A labyrinth of subterranean tunnels and jaw-dropping, otherworldly landscapes, Phong Nha-Ke Bang National Park (TL20, Son Trach village, tel. 05/2367-7323, 7am-5pm daily, entry fees charged per cave) may be off the beaten path for now, but its anonymity is fading fast. Ever since a team of British cavers turned up in 2009 to explore the vast interior of Son Doong, the world’s largest cave, at 5.5 miles long and tall enough to comfortably house a high-rise, tourism to the area has taken off.
Just over 130 miles north of Hue, Phong Nha’s major draw is its three sprawling cave systems, Phong Nha, Vom, and Nuoc Mooc, which combine to roughly 90 miles of darkened passageways and have earned the area World Heritage status. Decked out in eerie, alien rock formations and spindly stalactites, these tunnels are estimated at around 3-5 million years old and, according to researchers, may be a mere handful of the caves in existence between here and the Laotian border.
It’s possible to visit the park without a tour group, but you’ll be limited to certain caves. For many of the more impressive caves, visitors must be a part of a tour group. Phong Nha offers cave tours only through certified companies and limits the number of annual visitors to Son Doong, which can be explored for a cool USD$3,000 a head.
Day trips from Hue are cheap, though these are hardly worth the effort, as the long drive to and from the park eats up most of your time. Staying closer to the park offers you the chance to experience Phong Nha in greater depth. On longer excursions, you may find yourself wading into a subterranean river, rappelling down a rock face, or camping out in a cave. While these adventures are a little more expensive than most, the quality of the park’s conservation efforts and the expertise of local caving companies more than justify the price tag.
Visit Phong Nha between February and September, when the weather allows for full access to its underground attractions. Rainy season, particularly the months of October and November, can be restrictive, as rivers rise and the area’s rainfall renders some of the more adventurous options unavailable. Phong Nha is a budding tourism destination, so don’t expect to find five-star hotels or fine dining. Travel to and from the area can require more time and money due to its remoteness, but those who do so will find this destination one of the most memorable in Vietnam.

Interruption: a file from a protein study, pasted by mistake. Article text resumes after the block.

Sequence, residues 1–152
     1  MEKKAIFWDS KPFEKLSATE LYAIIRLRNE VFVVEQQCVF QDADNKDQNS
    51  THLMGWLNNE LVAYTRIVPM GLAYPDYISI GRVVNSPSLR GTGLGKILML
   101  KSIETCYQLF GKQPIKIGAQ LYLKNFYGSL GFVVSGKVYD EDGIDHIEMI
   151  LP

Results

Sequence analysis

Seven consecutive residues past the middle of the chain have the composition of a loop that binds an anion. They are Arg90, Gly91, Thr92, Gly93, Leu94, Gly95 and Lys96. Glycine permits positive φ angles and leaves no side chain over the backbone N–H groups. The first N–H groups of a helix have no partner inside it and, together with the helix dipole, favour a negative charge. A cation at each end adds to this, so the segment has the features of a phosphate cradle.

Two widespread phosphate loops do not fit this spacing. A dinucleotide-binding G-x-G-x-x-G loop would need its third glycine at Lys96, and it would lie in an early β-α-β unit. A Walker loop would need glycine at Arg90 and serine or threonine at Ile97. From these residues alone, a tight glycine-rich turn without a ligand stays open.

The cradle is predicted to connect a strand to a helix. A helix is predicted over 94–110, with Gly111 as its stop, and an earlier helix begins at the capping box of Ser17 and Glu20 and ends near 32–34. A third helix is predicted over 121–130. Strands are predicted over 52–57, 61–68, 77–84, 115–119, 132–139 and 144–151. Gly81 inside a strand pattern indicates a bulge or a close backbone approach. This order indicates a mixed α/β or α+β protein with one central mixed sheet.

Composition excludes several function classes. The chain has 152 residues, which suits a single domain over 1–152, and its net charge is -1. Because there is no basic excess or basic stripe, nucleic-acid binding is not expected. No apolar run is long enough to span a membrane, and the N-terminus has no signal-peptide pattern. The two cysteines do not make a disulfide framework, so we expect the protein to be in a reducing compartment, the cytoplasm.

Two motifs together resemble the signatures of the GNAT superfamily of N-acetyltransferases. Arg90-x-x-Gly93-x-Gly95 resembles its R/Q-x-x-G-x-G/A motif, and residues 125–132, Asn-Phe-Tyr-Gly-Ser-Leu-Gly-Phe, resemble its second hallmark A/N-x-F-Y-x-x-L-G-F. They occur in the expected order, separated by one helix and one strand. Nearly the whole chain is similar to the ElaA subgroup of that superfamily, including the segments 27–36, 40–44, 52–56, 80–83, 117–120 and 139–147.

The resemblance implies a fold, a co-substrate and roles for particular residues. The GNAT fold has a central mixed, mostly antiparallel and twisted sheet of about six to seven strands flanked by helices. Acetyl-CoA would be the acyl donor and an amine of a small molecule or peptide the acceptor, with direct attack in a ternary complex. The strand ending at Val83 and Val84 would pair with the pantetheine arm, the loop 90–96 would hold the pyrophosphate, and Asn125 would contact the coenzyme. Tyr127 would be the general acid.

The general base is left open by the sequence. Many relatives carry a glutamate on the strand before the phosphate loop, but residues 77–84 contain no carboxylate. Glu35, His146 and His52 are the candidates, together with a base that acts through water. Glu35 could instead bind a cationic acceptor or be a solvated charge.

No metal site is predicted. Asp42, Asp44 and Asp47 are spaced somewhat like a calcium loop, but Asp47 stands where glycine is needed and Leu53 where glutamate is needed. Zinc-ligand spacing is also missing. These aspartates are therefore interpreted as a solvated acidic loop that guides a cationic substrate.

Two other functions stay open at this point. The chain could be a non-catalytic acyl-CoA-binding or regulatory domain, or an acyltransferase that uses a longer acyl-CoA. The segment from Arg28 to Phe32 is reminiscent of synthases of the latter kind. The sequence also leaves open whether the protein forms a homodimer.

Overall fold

The World’s Largest Cave
You could fit a jumbo jet or a city block inside Son Doong and still have room left over. This massive grotto stretches about three miles into the earth, with a range of landscapes you’d seldom imagine inside a darkened cave. A river roars through Son Doong, tumbling over cliffs and around corners. Clouds pass through its many chambers each day. Thanks to a pair of large skylights, Son Doong is also home to a jungle, complete with monkeys, snakes, flying foxes, and birds, not to mention a few new species discovered within its massive boundaries.
The discovery of this jaw-dropping subterranean world belongs to Ho Khanh, a local farmer who happened upon the entrance one day in 1991. At the time, the find was of little consequence, and so the man carried on but filed its location away in the back of his mind. Not until 2009 would Howard Limbert and the British Cave Research Association enlist Ho Khanh’s assistance in tracking down the cavern once more. The team of cavers was able to measure the size and length of Son Doong, and the results turned out to be far greater than Malaysia’s Deer Cave, the previous record holder. There is still plenty to be learned about Son Doong and the surrounding area—many believe there are even bigger underground chambers nearby.
An expert team of caving professionals at Oxalis (Son Trach village, tel. 05/2367-7678) have begun running six-day excursions into Son Doong at USD$3,000 a head. The outrageous cost makes at least some sense when you consider the number of porters required, not to mention the fact that you have to rappel down a cliff and trek through the jungle just to reach Son Doong’s entrance. In order to preserve the wildlife and landscapes of the cave, only 220 permits were issued in 2014. Oxalis is the only outfit with permission to enter the cave.